Indian PM prioritises ‘self-indulgent’ building as Covid numbers soar

Modi is drawing flak for proceeding with construction of new parliament buildings

Even as India reels under its second coronavirus wave, prime minister Narendra Modi's Hindu nationalist Bharatiya Janata Party government has refused to reschedule a €2.2 billion project to build a new parliament building and related structures in New Delhi.

Despite widespread appeals by opposition leaders and activists, the government has proclaimed the Central Vista project in the heart of the capital an “essential service”, with an end-of-November completion deadline, despite soaring infections, which topped 360,000 on Wednesday.

On Tuesday Delhi reported 24,149 cases and 381 deaths, but health experts said the actual toll was higher, as scores of bodies were being transported to makeshift crematoriums in parks and on city streets, for immolation on serried funeral pyres.

Delhi police, who report to the federal government, have facilitated the movement of some 180 trucks and buses until April 30th to transport hundreds of workers involved in the government’s building project across the capital, in spite of a curfew imposed in the city last week to try to break the virus’s transmission chain.


In its official order, disclosed by the Scroll news website, the police directive said the building project contractors would be “allowed to continue their construction activity in view of the urgent timeline of their work”.

The fiat further stated that these vehicles would be allowed to “operate during [the] curfew and lockdown” considering the exigencies of government work.

British centrepiece

The BJP government’s cherished project is aimed at redeveloping a 3.2km stretch, encompassing 86 acres, of the Central Vista in the city centre, which was completed after 19 years in 1931 by the British colonial administration as the centrepiece of its imperial capital.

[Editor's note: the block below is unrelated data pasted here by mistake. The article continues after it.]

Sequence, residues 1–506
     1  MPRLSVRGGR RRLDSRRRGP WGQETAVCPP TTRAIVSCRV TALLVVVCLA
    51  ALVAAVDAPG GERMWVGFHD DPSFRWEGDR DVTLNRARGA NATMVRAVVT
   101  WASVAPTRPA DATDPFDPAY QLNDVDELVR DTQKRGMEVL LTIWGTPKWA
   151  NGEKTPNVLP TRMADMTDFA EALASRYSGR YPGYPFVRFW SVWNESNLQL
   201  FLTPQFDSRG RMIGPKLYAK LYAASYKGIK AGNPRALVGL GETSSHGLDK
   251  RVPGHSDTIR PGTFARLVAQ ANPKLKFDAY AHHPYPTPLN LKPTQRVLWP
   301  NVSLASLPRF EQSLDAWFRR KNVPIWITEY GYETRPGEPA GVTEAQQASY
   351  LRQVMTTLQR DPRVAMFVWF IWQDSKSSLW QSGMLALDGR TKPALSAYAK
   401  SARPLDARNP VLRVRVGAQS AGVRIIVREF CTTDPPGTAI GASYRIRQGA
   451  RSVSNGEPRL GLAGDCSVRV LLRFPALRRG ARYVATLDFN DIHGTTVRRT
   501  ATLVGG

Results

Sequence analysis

The project envisages tearing down numerous official buildings, including red sandstone landmarks. In addition to a triangular parliament building and an accompanying secretariat facility, it includes erecting expansive residences for India’s prime minister and vice-president.

Opposition leaders and political activists oppose the project, not only over its astronomical cost, but also its overall impracticality and environmental and architectural degradation, especially as the existing structures were serviceable.

But the government has disregarded their objections and as recently as April 20th dispatched tenders to construct three of some 10 buildings in place of a grand arts centre built at huge cost in 1985.

At the height of the first wave of the pandemic last year the BJP administration invited multiple bids to build other offices and VIP residences, including the prime minister’s. “Use the money for our lives, not for our tombs, ” Mohua Moitra, an MP from the opposition Trinamool Congress Party, tweeted last week.

‘Not urgent’

Earlier, Indian National Congress party head Sonia Gandhi, in a letter to Mr Modi, described the project project as "self-indulgent", adding that parliament could function comfortably within the existing building. "There is no urgent or pressing requirement that cannot be postponed until this crisis is contained," she said.

Activists said the money being spent on the building project could finance thousands of plants to generate oxygen, which was in short supply in all hospitals in Delhi and across India, resulting in hundreds of virus-infected patients dying.

“India’s Great Mughal rulers built majestic buildings across India during their 187-year rule, as did the British after them,” said a senior government official opposed to the project. The BJP, under Mr Modi, now wanted to leave behind its architectural mark on India and not even the pandemic could curtail its ambitions, he added. He declined to be identified, citing fear of repercussions.

Rahul Bedi

Rahul Bedi

Rahul Bedi is a contributor to The Irish Times based in New Delhi